NFL players have reported to training camp and completed their COVID-19 intake testing, and the results of that first round of testing are encouraging.
The NFLPA released those results on Thursday morning, and approximately 2 percent of players tested positive for COVID-19.
The NFLPA says 56 players have tested positive for COVID-19 since players began reporting to training camp. That's about 2% of the ~2,600 players on active rosters, and well under a 1% positivity rate in terms of total tests administered. Still very early, but good signs.— Tom Pelissero (@TomPelissero) August 6, 2020
That’s 56 positive tests out of 2,600 players. With the COVID-19 opt-out date arriving Thursday at 4 p.m. ET, that figure could put the minds of many players at ease. Most players did not have COVID-19 when they came to camp, and it appears that there has been minimal spread since. If everyone remains careful, the NFL might avoid disaster and execute a safe season.
That’s a big, big “if.”.
Real test for NFL will come in September
The small number of positive tests since players began reporting is encouraging, but it doesn’t tell us all that much about the NFL’s safety protocols. Remember, MLB’s initial positive rate after intake testing was also below 2 percent. We’ve seen how that turned out: outbreaks on two teams before the season was two weeks old.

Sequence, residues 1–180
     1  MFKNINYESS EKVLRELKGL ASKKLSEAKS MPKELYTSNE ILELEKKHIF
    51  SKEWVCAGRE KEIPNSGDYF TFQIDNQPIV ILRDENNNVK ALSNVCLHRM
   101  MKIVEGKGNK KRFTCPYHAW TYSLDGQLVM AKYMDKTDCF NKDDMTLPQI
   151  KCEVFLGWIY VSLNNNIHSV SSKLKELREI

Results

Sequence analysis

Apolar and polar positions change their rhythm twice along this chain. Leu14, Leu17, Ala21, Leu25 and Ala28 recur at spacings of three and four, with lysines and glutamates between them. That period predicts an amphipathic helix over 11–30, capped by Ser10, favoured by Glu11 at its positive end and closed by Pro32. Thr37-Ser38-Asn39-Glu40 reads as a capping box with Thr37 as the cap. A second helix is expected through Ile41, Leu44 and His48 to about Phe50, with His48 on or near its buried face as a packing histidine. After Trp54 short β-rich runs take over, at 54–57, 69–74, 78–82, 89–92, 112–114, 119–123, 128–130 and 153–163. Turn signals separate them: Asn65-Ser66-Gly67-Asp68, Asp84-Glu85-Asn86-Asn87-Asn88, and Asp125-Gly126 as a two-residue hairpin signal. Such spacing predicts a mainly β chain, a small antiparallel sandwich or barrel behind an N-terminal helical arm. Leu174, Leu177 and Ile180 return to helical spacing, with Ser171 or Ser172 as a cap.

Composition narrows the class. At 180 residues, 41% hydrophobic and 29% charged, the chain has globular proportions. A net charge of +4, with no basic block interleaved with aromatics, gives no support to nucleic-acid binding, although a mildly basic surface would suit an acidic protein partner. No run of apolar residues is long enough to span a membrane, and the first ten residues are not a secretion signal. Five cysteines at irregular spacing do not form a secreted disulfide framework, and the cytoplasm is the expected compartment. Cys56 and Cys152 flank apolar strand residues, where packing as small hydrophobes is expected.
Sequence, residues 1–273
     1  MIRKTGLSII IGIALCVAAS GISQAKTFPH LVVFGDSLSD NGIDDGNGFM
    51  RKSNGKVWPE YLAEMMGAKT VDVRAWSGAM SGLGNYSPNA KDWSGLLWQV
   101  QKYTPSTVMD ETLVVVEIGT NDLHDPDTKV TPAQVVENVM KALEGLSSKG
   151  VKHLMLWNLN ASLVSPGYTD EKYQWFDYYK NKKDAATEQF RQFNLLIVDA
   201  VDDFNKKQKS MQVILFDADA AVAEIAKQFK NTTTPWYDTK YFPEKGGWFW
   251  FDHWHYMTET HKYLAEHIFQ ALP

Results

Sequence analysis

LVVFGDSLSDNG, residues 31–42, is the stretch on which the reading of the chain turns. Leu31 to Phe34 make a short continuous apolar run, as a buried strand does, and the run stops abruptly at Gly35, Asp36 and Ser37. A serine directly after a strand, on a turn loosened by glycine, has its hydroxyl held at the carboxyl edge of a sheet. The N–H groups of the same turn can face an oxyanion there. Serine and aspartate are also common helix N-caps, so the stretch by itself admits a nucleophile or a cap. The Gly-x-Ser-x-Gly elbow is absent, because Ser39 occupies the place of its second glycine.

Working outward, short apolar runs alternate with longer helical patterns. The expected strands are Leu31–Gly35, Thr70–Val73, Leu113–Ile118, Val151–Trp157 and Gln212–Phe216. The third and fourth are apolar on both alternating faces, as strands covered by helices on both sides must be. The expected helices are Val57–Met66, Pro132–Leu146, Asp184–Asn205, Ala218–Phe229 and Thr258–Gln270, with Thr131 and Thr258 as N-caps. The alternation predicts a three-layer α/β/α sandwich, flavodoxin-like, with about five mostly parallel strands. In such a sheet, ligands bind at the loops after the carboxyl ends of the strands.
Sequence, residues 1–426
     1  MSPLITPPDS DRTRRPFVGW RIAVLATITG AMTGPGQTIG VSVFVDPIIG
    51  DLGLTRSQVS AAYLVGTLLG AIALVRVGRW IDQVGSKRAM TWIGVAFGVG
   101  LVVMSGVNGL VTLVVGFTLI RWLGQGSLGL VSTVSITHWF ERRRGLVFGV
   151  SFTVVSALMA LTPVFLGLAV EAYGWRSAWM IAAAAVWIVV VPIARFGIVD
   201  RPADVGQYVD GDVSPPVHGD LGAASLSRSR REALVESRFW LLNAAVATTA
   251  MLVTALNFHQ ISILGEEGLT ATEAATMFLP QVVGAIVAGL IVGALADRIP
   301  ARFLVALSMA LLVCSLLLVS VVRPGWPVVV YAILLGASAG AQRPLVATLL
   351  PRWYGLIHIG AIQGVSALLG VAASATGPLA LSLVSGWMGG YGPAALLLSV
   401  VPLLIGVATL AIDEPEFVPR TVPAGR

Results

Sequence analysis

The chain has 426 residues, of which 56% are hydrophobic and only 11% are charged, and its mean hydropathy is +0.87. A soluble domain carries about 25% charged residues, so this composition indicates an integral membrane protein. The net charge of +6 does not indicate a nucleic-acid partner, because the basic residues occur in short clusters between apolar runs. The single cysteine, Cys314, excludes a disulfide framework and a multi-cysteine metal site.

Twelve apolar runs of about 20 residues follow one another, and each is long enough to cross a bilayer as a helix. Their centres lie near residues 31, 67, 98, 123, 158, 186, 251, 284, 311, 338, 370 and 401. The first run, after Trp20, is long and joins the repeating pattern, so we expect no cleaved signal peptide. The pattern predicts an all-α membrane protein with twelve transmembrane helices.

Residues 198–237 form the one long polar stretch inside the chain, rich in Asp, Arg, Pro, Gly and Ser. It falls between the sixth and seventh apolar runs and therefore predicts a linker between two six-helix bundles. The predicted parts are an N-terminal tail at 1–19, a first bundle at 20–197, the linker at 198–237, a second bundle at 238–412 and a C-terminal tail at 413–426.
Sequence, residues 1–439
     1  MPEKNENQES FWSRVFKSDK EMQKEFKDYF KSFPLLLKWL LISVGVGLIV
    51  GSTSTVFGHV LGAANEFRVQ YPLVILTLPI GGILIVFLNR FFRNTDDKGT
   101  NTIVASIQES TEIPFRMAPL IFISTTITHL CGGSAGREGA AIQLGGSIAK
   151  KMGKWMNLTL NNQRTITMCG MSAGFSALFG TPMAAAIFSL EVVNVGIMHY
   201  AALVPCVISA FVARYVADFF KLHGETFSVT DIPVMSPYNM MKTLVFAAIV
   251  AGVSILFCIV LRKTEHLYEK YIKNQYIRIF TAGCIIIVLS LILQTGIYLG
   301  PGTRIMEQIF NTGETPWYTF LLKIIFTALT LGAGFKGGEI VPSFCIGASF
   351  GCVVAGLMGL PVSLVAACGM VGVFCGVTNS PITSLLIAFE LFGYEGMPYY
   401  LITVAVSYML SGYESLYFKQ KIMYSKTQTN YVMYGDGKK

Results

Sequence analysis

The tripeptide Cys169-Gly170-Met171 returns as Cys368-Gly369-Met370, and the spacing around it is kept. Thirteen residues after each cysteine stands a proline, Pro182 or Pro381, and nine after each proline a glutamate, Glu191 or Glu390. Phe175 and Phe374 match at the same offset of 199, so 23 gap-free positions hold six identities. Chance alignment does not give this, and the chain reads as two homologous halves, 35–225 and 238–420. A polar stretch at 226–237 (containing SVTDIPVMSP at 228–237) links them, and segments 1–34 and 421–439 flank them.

The NFL will get the first real look at how its protocols are working after Aug. 17, when full contact practices begin. Sweaty players will be getting close to each other, up in each other’s faces in ways they haven’t yet. Each team will be as safe as only their least safe member.
Full contact practices are small potatoes compared to what comes next: the start of the regular season in September. That’s when the real test will begin. That’s where MLB stumbled, and the NFL is obviously hoping to avoid the same outcome — even though their safety protocols, like MLB’s, rely on the personal responsibility of each player to stay safe. Teams will be traveling to different cities and getting close to players they haven’t interacted with yet. The safety of two entire teams will be on each player’s shoulders.
If someone on the offensive line of a visiting team decides to go out to a bar while he’s playing in New Orleans, that puts two entire teams at risk. It doesn’t have to be New Orleans, or even a bar. It could be a convenience store in Cincinnati, or a trusted friend’s house in Dallas. According to Miami Marlins owner Derek Jeter, their team outbreak could have started from those innocent outings.
There’s no reason to look at the low positivity rate as anything but good news. Early on, things are working and players are staying safe. But things have barely begun. There are major trials in the NFL’s future. Let’s hope the NFL, and every single one of its players, is up to the task.
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